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How to Help a Friend In a Mental Health Crisis

0 2 years ago

Midway through the morning session of Mental Health First Aid, a course at the Mental Health Center of Denver, my instructor asks me to turn to one of my tablemates, look them in the eye, and ask a simple question: “Are you thinking about killing yourself?” Not “hurting yourself,” because the semantics will work against you. “Killing yourself.” Simple, direct, straight-faced.

I fail. I ask the question with an uncomfortable laugh and a half smile. It turns out that question is really, really hard to ask, even when you’re interrogating a nonsuicidal stranger in a training exercise who knows it’s coming.

And that’s the point. The instructors at these increasingly popular learn-to-help classes want us to ask the question aloud so that when we need to use it in real life, we won’t hesitate or otherwise botch it.

That’s because one in five Americans has a mental health disorder, and whether we like it or not, there’s a good chance that we—the friend, the parent, the confidant—will be the emotional first responder to someone’s panic attack, depression, or suicidal musing. And, like me, most of us have no clue what to do.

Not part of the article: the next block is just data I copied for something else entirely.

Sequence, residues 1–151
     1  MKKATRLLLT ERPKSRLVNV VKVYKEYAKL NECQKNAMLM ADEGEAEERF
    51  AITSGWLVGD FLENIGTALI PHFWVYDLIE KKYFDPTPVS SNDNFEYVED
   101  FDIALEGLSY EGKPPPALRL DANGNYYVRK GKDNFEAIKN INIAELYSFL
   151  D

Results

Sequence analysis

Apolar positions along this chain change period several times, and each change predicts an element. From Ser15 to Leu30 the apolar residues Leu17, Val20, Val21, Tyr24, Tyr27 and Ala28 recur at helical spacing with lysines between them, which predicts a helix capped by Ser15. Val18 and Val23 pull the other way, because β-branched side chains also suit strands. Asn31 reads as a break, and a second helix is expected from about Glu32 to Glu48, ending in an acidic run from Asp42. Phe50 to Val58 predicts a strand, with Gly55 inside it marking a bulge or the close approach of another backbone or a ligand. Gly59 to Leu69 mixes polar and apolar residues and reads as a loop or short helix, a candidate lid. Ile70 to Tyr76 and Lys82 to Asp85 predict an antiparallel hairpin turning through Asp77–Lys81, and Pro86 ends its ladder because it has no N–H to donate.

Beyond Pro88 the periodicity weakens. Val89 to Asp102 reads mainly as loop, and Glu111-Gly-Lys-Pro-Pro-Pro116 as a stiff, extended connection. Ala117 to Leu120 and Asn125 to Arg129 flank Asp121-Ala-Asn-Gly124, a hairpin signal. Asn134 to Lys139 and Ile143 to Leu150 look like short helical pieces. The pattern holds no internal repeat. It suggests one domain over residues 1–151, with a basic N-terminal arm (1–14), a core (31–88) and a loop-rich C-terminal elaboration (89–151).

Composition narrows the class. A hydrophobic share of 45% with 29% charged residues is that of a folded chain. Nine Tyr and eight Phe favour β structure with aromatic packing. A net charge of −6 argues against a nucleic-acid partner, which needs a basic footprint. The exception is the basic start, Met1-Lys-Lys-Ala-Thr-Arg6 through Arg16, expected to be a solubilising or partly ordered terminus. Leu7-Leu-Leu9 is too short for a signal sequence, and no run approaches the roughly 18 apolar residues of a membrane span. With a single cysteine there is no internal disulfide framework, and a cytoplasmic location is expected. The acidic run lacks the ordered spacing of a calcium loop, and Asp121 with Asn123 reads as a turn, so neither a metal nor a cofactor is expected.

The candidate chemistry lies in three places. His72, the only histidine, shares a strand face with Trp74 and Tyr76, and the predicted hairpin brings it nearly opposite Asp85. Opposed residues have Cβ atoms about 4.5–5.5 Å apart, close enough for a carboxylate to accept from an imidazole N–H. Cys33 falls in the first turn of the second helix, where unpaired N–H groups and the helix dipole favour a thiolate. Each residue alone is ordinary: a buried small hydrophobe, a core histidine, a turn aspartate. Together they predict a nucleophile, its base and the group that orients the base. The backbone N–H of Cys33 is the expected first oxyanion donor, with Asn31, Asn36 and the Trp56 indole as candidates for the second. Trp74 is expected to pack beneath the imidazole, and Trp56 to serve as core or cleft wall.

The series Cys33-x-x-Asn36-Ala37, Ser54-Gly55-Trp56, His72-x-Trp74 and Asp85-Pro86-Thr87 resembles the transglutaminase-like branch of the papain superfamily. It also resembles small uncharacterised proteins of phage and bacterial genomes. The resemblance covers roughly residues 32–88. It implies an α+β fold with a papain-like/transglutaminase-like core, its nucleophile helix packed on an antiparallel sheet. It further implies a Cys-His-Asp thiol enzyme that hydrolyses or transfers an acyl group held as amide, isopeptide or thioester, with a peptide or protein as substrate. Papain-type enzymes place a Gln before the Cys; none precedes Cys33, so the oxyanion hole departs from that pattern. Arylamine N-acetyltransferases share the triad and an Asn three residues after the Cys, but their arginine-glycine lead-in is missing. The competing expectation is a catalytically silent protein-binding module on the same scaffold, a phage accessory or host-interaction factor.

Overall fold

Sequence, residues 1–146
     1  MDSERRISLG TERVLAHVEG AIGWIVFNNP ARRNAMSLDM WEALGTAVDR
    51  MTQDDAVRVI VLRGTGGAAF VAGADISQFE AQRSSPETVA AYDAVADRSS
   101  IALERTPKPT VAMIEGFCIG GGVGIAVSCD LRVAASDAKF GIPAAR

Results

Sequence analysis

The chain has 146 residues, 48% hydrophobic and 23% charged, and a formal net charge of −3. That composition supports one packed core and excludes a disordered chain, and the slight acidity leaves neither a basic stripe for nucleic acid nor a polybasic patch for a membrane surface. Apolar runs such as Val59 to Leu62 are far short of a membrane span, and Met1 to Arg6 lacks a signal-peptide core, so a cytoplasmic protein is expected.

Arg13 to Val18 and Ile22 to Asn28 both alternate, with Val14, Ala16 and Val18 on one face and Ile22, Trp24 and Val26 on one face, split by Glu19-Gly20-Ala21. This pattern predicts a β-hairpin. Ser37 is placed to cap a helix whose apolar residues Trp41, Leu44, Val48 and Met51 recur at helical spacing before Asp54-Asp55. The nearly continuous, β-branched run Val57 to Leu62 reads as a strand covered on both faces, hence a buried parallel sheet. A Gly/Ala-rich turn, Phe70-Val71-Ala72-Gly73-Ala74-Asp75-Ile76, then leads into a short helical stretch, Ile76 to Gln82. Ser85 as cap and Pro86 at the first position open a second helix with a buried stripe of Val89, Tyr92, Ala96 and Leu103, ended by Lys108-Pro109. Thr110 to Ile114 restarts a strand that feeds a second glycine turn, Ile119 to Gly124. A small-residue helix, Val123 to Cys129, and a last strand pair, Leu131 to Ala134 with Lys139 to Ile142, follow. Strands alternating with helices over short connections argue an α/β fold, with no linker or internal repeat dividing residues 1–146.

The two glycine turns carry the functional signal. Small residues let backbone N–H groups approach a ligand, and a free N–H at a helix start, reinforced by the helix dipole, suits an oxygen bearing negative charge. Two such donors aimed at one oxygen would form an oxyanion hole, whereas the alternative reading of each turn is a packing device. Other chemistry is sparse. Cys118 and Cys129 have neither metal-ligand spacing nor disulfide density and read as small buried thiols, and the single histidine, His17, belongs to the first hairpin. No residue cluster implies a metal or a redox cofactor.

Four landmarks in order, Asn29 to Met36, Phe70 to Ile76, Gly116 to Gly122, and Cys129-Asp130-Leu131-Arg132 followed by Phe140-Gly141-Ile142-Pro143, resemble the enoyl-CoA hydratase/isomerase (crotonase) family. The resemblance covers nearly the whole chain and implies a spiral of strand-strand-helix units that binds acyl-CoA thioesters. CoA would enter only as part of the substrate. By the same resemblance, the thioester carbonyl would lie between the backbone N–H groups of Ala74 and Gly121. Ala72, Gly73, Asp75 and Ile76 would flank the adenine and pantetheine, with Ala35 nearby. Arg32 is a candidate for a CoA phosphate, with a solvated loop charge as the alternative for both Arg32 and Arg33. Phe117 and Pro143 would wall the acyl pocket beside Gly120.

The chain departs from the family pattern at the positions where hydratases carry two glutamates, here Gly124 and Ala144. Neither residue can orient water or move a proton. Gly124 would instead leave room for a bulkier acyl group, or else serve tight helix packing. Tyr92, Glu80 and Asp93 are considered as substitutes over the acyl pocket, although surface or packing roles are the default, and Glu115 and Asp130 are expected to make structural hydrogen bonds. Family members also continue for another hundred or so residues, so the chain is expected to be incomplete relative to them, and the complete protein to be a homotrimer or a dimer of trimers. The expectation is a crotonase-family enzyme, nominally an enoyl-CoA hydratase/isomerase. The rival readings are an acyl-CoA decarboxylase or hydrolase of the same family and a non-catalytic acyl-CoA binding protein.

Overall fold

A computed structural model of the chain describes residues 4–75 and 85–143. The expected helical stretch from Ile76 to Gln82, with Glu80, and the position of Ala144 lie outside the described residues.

What Mental Health First Aid is

Mental Health First Aid has been around since 2000, when it was created in Australia by a nurse and a professor of mental health literacy to educate the public about mental disorders. At libraries and other public facilities, it teaches the signs and symptoms of various conditions, and then—and this is crucial—how to talk about them with the person in distress. In the U. S., 12,000 MHFA instructors have trained more than a million people. After the Sandy Hook school shooting in Newtown, Connecticut, President Obama allocated $15 million to the Substance Abuse and Mental Health Services Administration to implement the program through state and local education agencies.

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